(This is a guest post from Antoni Sawicki aka Tenox)
Welcome a completely new and absolutely insane mode of Web Rendering Proxy. ISMAP on steroids!
While v3.0 was largely just a port from Python/Webkit to GoLang/Chromedp, the new version is a whole new game. Previously WRP worked by walking the DOM and making a clickable imagemap out of <A HREF> nodes. Version 4.0 works by using x,y coordinates obtained from ISMAP to perform a simulated mouse click in Chrome browser. This way you can click on any element of the page. From annoying cookie warnings, to various drop down menus and even play some online games. Also pagination has been replaced with a clickable scroll bar.
(This is a guest post from Antoni Sawicki aka Tenox)
There hasn’t been a major update to WRP (Web Rendering Proxy) in 5 years or so. Some new features have been added thanks to efforts of Claunia but the whole project was mostly impeded with mass migration of the whole Internet to SSL/TLS/https. It does semi work somehow thanks to sslstrip but the whole stack is an unmaintainable pile of crap which I’m not going to update any more.
A new rewrite from scratch is well under way. This time written in GoLang and using Chrome DevTools Protocol. Things should be much more stable and future proof.
Far from complete but I have a fully functional prototype now working in just under 100 lines of code:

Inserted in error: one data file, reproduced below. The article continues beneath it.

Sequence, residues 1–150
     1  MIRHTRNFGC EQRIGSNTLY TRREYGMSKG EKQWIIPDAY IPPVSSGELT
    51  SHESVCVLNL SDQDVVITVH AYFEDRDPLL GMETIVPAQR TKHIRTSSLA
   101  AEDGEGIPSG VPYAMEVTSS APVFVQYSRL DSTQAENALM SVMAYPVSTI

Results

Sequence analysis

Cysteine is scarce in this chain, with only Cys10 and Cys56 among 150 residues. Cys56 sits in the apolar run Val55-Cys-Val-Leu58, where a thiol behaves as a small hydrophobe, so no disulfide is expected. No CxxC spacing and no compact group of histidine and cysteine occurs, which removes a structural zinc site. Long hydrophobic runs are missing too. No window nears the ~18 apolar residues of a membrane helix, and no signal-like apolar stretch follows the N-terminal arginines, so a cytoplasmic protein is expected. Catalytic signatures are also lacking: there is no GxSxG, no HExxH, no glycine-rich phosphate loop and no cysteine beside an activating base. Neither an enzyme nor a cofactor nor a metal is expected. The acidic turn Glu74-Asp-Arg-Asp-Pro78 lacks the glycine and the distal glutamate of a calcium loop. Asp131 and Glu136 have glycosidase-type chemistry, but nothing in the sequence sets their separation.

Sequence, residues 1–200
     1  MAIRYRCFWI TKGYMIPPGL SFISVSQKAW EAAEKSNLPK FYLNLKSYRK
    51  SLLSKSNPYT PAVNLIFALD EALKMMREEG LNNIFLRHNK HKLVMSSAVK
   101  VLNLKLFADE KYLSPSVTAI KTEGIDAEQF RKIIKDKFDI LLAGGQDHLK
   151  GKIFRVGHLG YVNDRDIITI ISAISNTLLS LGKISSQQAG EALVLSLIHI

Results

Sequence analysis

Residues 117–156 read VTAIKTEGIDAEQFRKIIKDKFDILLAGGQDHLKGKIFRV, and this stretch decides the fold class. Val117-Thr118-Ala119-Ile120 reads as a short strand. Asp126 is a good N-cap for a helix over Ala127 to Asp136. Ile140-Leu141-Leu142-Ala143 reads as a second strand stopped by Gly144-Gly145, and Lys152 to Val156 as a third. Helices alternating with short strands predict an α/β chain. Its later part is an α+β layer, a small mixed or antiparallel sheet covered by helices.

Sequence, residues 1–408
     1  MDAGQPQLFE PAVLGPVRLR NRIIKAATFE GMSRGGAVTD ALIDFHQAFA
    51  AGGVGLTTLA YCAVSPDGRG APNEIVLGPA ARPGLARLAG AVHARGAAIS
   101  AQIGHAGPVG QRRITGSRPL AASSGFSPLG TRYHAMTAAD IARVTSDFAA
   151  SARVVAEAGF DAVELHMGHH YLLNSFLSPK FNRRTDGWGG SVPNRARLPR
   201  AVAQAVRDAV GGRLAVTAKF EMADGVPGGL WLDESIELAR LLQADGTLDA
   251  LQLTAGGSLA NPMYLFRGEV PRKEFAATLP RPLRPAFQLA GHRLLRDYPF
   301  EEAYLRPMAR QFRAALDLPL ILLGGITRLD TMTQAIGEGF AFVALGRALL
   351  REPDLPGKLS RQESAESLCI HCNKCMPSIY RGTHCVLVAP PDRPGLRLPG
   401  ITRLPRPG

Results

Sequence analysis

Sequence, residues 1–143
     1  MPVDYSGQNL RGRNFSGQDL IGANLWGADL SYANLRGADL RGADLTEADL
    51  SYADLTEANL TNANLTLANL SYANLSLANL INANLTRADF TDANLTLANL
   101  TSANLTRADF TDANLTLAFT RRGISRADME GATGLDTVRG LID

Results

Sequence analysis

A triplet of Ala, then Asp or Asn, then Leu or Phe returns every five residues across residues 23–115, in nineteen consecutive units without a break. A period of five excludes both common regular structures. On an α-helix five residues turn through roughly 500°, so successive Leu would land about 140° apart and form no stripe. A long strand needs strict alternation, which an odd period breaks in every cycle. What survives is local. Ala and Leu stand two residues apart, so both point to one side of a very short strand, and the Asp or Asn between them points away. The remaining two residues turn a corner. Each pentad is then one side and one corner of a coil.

UPDATE 1: You can play with it if you want. Please do not submit any bug reports just yet, as this is just a development version. Note that WRP is currently not a true HTTP proxy but rather browser-in-browser. Proxy may be supported later.
UPDATE 2: As of today online setting of size, scaling and scrolling is supported. I’m specifically happy about the scrolling feature albeit it probably needs a better user input, like prev/next page.
Windows version still doesn’t work due to an upstream bug, which is probably easy to fix.
(this is a guest post by Antoni Sawicki aka Tenox)
This is a lame duck, low effort post. And if you already know it it’s obvious. However this question seem to be asked a lot on the intertubes. I hope it will help someone else, as there is no good readily available answer out there.
Problem: I wanted to have SNMP on my Comcast/Xfinity router so I can monitor current bandwidth usage.
Possible to enable on vanilla router? – Nope
Do 3rd party, Comcast compatible routers do? – Nope
Can you SSH or hack in to the router to do it? – Nope
Can you load custom / hacked firmware to do it? – Nope*
Nope or very hard / unsupported.
So is it possible at all? Yes, but with a separate device. Comcast/Xfinity routers have so called “Bridge Mode” which essentially turns them in to a DOCSIS modem without router / firewall / wifi access point.
Solution: Turn on Bridge Mode in your vanilla Comcast router and buy a WRT firmware router / access point. I got Linksys AC3200 for $99 on Amazon. Ssh to the router and run: opkg install snmpd